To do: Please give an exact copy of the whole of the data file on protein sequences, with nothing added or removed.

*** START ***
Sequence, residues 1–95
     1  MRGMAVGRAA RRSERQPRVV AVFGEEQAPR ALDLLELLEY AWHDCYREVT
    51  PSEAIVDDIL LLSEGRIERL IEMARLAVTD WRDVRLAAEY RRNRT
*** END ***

Sequence, residues 1–95
     1  MRGMAVGRAA RRSERQPRVV AVFGEEQAPR ALDLLELLEY AWHDCYREVT
    51  PSEAIVDDIL LLSEGRIERL IEMARLAVTD WRDVRLAAEY RRNRT